First of all, I want to apologize profusely to anyone that frequented The Raven Desk during my absentee days. The semester has gone from bad to worse (in terms of events, not grades) and the month of November has once again proved to be the Harbinger of Doom. The least of my problems in the last few weeks has been the death of my beloved red Dell, Jack. I have a new computer, sans all my files (excluding the completed version of The Pawn thank God!). Here's to, hopefully, a new start. Hopefully, I'll be able to get back into the groove of things.Today's another Writer's Advice post: Why is conflict so important? If you are at all familiar with the writing world and the numerous blogs out there you will know that anyone that is anyone repeatedly stresses conflict in a story. Why is that?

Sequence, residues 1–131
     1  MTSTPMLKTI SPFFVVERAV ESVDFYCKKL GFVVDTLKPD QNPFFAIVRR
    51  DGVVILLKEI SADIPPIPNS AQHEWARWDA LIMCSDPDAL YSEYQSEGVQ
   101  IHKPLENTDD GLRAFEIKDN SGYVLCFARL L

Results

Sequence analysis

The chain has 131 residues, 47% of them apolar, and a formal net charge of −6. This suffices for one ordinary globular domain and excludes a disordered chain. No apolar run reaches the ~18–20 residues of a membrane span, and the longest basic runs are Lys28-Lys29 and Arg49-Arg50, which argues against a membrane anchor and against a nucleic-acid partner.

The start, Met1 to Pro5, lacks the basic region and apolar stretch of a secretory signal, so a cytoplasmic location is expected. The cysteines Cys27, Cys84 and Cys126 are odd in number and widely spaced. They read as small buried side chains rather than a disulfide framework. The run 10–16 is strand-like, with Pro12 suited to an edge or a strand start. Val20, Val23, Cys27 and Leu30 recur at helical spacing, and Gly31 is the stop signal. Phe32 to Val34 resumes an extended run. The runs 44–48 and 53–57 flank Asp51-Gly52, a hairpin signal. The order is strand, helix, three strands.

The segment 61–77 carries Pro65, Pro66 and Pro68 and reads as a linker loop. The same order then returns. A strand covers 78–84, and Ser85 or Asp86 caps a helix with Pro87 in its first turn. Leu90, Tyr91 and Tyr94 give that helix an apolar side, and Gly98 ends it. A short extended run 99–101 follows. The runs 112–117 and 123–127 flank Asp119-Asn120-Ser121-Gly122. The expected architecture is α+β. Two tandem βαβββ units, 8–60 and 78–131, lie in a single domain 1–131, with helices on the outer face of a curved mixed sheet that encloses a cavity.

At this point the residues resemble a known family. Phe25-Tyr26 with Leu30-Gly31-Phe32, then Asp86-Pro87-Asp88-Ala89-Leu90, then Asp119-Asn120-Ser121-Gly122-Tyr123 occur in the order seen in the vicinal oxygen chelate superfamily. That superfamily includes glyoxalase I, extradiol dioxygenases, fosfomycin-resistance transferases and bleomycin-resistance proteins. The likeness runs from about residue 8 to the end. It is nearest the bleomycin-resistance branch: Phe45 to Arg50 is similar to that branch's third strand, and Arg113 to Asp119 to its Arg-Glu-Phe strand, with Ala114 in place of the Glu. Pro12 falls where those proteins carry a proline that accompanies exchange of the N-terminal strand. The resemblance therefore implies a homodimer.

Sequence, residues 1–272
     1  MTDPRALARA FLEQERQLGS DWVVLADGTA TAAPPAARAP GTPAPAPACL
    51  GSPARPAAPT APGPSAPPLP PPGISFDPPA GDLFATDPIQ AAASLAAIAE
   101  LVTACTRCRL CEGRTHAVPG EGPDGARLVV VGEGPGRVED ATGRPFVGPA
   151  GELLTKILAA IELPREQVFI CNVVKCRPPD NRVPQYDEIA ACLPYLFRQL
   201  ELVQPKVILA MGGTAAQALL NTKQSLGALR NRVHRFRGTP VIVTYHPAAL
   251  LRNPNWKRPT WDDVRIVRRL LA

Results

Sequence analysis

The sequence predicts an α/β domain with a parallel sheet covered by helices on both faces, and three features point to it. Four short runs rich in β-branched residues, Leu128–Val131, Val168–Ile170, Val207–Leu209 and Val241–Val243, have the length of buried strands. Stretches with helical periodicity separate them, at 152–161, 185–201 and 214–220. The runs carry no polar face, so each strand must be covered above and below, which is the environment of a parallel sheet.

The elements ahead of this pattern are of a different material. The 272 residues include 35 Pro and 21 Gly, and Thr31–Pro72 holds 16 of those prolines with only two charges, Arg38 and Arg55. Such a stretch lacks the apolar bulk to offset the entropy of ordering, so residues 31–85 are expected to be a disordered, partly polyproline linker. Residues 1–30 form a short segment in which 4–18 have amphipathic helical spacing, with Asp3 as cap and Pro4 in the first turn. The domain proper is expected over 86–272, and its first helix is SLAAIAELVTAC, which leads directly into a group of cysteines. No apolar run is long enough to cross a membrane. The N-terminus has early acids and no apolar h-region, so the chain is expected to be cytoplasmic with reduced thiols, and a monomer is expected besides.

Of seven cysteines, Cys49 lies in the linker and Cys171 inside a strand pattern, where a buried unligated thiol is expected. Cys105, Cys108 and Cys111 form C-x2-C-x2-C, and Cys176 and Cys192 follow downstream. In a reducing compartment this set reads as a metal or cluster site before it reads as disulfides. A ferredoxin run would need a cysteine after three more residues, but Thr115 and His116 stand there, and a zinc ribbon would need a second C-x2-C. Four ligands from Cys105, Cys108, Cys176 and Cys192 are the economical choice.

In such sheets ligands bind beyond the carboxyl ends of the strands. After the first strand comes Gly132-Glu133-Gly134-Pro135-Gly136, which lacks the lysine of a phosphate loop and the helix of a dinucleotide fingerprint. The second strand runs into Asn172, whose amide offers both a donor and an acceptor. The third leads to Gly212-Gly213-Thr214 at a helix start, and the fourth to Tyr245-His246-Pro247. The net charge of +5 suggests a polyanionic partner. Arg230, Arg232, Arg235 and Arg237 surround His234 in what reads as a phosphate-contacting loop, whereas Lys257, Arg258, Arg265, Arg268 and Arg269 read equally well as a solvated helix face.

Well, for one, conflicts keeps the story and, more importantly your characters, moving. If nothing happens, your characters have nothing to do. They just sit around and stare at each other and the reader, wondering why they are there. Horrible (or not so horrible) things happening, keep the story moving forward. They work as the ultimate motivator for pretty much everything.
When I say conflict, I'm not just talking about the central conflict of the book. Take your standard Hero character, for instance. Conflict surrounds him/her. There was a tragic incident in their childhood/recent history/right before the book started, and conflict continues to follow them for most of their journey. It their motive - that is, finding resolution to the conflict often times, in one way or another, carries the story through to it's lovely (and sometimes not so lovely) conclusion.
So when you write, always remember to ask yourself - what is the Great Problem/Central Conflict that drives the plot forward or motivates your characters? Even if it's something that affects only the main character, if it's conflict, you are on your way to making a coherent and movable story.
What about you guys? How important is conflict to you and your story?